The name, Pig in a Cup is a playful one – technically, you don’t have to serve this dish in a cup, but I was struggling to find a name until BH suggested it, and I liked it enough to smile and accept. This dish was the result of a thought process one bright, sunny morning a few weeks ago, and it evolved from there. I was experimenting with flavors, and had limited time, so I ended up making this within the hour, with boneless chunks of pork.
I’ve been experimenting with North Eastern food, and the simplicity of the ingredients and cooking techniques inspired me. Low-oil or no-oil cuisine is pretty abundant there, and keeping with the spirits of that, this dish doesn’t have any added oil. All of it comes from the meat. Here, I used a kilo of boneless pork with fat to meat ratio coming to about 30:70 (30 fat, 70 meat). I washed it well, then cut it into 2 inch cubes, and then put it in a pressure cooker with enough water to cover it.
Once the water comes to a rolling boil, stir the pork with it well, to ensure the pork doesn’t have any surface rawness. Then, remove from fire and pour off all the water, leaving the pork pieces behind. To this, add 1 tablespoon ginger paste, 1 tablespoon garlic minced, and 1/2 teaspoon freshly ground pepper. Add enough water to barely cover the meat, then pressure cook it till tender: simmer for about 5-8 minutes after the first whistle. I know this isn’t the right way for many, but its easy for me to keep track. After that, turn off the heat and let the pressure cool down till it can be opened naturally.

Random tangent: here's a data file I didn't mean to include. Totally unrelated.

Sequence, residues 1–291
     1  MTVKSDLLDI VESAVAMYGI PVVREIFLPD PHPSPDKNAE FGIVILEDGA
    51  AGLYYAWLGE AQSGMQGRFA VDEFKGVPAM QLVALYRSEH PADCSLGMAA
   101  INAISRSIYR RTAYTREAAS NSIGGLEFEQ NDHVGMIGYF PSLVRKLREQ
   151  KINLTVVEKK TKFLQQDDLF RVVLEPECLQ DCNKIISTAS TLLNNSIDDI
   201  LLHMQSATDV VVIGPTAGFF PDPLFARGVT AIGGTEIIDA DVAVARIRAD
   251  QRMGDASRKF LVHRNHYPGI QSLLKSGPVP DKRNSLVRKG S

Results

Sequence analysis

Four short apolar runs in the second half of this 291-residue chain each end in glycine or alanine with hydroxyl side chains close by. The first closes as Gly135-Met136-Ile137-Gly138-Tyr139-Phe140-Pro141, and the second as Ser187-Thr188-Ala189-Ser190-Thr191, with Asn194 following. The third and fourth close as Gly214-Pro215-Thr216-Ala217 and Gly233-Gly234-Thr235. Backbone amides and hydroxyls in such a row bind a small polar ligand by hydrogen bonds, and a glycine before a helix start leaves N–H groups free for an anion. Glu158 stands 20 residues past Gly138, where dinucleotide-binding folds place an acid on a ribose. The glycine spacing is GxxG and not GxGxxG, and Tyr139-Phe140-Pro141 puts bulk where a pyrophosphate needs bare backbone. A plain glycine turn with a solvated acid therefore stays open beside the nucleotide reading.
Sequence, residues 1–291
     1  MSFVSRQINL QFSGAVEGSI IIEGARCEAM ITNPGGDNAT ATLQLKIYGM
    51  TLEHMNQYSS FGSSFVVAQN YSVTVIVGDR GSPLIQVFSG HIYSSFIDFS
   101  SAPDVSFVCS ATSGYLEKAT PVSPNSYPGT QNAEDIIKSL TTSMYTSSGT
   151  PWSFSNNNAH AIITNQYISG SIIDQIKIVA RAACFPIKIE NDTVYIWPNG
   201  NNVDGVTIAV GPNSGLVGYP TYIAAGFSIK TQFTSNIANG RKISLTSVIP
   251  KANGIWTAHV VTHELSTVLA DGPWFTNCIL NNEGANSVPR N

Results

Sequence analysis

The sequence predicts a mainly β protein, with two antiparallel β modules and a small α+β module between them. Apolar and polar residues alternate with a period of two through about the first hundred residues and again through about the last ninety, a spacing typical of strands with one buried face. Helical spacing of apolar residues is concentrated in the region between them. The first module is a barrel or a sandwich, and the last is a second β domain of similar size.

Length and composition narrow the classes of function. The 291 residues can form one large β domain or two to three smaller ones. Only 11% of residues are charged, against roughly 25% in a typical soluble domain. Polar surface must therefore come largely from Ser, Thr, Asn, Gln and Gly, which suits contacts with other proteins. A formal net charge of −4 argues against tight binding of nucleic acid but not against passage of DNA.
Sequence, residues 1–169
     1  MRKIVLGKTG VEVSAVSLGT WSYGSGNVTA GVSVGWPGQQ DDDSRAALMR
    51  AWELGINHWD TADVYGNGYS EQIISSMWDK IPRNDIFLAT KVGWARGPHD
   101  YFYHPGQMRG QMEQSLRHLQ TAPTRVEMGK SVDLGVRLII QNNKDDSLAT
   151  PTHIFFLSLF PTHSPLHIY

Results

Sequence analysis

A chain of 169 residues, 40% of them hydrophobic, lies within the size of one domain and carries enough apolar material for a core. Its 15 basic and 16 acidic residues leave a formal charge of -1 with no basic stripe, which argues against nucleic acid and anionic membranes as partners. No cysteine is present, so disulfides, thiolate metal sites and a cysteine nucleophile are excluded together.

Next part is slightly tricky and will need a bit of prep. Start by mincing together 1 inch piece of ginger, 6 cloves of garlic, 6-7 green chillies (I used a combination of red and green though), 1 inch piece of fresh turmeric. Now, you can of course use ground turmeric, so no sweats.
In a large wok set over fire, stir in a couple of ladles’ worth of the pork cooking broth, preferably the fat layer on the top. I used this as a start, and then let the water get reduced till the fat remains. Do it a few times to get about 2-3 tablespoon worth liquid remaining in the pan. To it, add the turmeric-chilli mixture. Stir to combine. You cannot allow this mixture to burn, so keep ladling in some of the broth to keep the frying paste moist.
When the paste loses its raw smell, and starts smelling of frying garlic and ginger, add 2 tomatoes, pasted (roughly 150 gm) and stir that in too. It will take another 10 minutes for the tomatoes to get cooked.
At this point, stir in the remaining meat and broth, and stir well. Throw in 5-6 green chillies, whole, to add to the flavors. Adjust seasoning, cover, and simmer for 2-3 minutes before turning off the heat. This dish goes fantastically with some plain boiled rice, or a few hot chapatis.